To the editor:
The proper place for educational remediation is not at the doors of entry into the institution of higher learning. The process must be from the genesis of the educational process. An article on this subject in another area newspaper was right on the mark in many areas.
I see the question as why are there remedial courses if the students have graduated from high school to begin with? If the student lacks the proper knowledge and this is discovered through poor performance on an entrance exam clearly the cure must be initiated at a much earlier stage in the educational process. But this then creates a problem of having to deal with a failing student at a much earlier level. The teacher who fails a student is faced with a myriad of criticism. It comes in the form of an irate parent who cannot understand why their precious child is receiving a failing grade from this vengeful teacher. This is then bucked up the line to the principal and then coming to a resting place at the feet of the school board. A teacher's financial wellbeing is at risk. So, in many cases the poorly performing student is shuffled along and is graduated with a piece of paper that is significant in many cases that the student was present in class for a given number of hours.
Rita Lampus, of Hodges University was also right on target with her analysis of the student's writing skills.
I would add to her comment that reading and comprehension of what is read are also closely related. Think on it for a moment. If a student cannot understand what they are reading, how then can they be expected to perform adjacent skills of writing correctly?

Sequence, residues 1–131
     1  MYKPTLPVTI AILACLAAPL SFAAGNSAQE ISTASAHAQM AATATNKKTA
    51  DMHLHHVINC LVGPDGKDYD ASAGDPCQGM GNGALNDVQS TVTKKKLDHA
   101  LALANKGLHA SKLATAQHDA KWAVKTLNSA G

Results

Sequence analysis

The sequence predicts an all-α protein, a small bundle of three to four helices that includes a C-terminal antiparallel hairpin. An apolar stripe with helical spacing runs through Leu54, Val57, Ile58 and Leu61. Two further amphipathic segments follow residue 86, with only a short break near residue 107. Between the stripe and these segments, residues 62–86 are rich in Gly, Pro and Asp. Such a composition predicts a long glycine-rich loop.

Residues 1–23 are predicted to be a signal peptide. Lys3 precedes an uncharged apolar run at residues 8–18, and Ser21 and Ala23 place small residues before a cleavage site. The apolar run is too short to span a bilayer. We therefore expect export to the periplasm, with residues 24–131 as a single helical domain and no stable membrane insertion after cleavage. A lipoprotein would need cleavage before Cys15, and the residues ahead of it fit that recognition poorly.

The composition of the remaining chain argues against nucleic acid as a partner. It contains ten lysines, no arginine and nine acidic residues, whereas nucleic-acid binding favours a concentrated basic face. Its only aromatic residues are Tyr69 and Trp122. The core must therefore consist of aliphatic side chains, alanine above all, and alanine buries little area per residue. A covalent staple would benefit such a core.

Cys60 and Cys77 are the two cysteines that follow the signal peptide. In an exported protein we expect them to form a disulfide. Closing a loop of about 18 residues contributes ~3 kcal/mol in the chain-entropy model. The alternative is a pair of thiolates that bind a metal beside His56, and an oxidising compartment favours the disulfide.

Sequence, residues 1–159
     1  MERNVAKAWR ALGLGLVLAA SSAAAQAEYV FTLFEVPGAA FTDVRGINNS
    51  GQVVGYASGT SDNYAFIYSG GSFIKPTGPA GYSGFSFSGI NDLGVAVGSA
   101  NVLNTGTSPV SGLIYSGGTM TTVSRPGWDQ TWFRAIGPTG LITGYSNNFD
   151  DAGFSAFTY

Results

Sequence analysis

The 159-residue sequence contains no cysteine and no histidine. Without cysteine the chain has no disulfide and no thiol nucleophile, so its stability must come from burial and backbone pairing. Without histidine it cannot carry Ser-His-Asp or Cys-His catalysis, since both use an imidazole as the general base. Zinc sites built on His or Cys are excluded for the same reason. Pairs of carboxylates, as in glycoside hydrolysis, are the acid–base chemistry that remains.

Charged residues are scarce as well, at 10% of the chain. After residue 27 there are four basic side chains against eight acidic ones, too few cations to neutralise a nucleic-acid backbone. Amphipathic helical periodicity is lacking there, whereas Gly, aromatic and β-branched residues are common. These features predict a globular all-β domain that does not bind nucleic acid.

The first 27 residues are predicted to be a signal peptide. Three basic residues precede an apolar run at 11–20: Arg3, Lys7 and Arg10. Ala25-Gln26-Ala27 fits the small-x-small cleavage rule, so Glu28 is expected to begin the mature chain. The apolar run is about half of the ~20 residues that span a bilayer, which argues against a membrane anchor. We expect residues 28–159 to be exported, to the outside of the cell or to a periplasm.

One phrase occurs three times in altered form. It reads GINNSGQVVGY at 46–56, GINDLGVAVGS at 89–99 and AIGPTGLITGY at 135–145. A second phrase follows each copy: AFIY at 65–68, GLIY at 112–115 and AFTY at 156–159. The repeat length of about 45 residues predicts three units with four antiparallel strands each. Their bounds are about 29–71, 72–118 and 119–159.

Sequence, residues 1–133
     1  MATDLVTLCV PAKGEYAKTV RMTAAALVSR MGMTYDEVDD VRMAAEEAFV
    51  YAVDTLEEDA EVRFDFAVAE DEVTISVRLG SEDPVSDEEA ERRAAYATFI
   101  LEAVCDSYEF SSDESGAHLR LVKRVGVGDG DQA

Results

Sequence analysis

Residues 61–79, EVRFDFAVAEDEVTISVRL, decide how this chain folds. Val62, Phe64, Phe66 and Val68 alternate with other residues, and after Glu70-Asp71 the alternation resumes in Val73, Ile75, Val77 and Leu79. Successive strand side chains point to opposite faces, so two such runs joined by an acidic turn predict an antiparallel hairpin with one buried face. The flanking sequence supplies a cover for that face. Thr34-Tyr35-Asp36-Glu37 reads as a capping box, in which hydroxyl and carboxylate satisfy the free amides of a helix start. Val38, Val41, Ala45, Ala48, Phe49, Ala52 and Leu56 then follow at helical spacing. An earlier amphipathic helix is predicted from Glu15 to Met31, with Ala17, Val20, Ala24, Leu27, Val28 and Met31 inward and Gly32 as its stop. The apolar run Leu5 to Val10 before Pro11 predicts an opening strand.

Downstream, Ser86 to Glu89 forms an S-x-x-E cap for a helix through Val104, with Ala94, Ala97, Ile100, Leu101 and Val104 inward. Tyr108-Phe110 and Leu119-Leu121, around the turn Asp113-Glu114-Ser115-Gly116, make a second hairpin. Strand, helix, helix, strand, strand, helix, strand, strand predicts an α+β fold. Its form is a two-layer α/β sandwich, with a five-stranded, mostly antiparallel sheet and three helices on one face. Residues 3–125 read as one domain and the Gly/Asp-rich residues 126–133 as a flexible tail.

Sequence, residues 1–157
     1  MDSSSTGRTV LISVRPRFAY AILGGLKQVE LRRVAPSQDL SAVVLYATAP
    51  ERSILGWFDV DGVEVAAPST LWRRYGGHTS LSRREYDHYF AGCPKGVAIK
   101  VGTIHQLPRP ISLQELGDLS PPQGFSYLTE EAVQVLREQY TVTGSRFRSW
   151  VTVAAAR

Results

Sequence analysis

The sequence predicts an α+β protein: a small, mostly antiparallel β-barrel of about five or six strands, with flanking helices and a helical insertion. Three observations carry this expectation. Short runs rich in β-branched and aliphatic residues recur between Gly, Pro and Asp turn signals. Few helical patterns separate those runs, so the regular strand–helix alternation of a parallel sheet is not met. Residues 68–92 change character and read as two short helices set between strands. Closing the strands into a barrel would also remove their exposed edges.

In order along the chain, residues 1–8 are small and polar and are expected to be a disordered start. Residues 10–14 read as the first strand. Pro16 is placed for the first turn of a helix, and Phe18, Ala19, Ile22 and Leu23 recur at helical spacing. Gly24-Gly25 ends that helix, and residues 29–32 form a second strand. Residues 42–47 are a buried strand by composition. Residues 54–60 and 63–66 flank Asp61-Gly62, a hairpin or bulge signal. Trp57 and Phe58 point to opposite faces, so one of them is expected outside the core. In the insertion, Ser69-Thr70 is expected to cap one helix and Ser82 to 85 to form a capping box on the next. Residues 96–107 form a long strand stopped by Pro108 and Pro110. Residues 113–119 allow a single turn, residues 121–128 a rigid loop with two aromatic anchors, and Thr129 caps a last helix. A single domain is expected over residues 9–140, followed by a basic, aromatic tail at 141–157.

Time was when a student did not or could not perform at the skill level for that grade, the student was left back. Heavens no! Does their teacher want to be so vilified as being the person responsible for labeling this poor student as a failure? Can you see already the irate parent, the finger wagging school administrators already in the wings ready to take the teacher to task?
Students today enter college with minimal skills. Their knowledge of history is also appalling. I used to make it a practice to ask my students various general questions such as having them name five countries involved in World War II. Oddly enough, but not surprising, many students from a foreign country did much better in answering.
We use phrases today such as "intellectually challenged." We would find ourselves ever deeper in trouble were we to ask our students to identify by name five countries in Africa, assuming these students could first locate Africa on a globe. Yes, a globe. To those students educated in our "politically correct" school system, the globe is that funny colored round thing that sat in a corner of the library. Perhaps even the location or purpose of a library would in itself be a challenging question for some students.
This essay will change nothing. This is based upon the realization that too many will look at the situation not as scholars but as tourists, venturing nothing, but merely being observers too frightened by the social minefield that awaits them to offer anything constructive. The America of old is gone. One need only to look at the 1950's to observe what this country was before the final slide to its present state. But it is instructional to muse and to reminisce on what we were. We will never be better. We can only strive to limit how far we stray from our "soul".
Joseph L. Kibitlewski, PhD.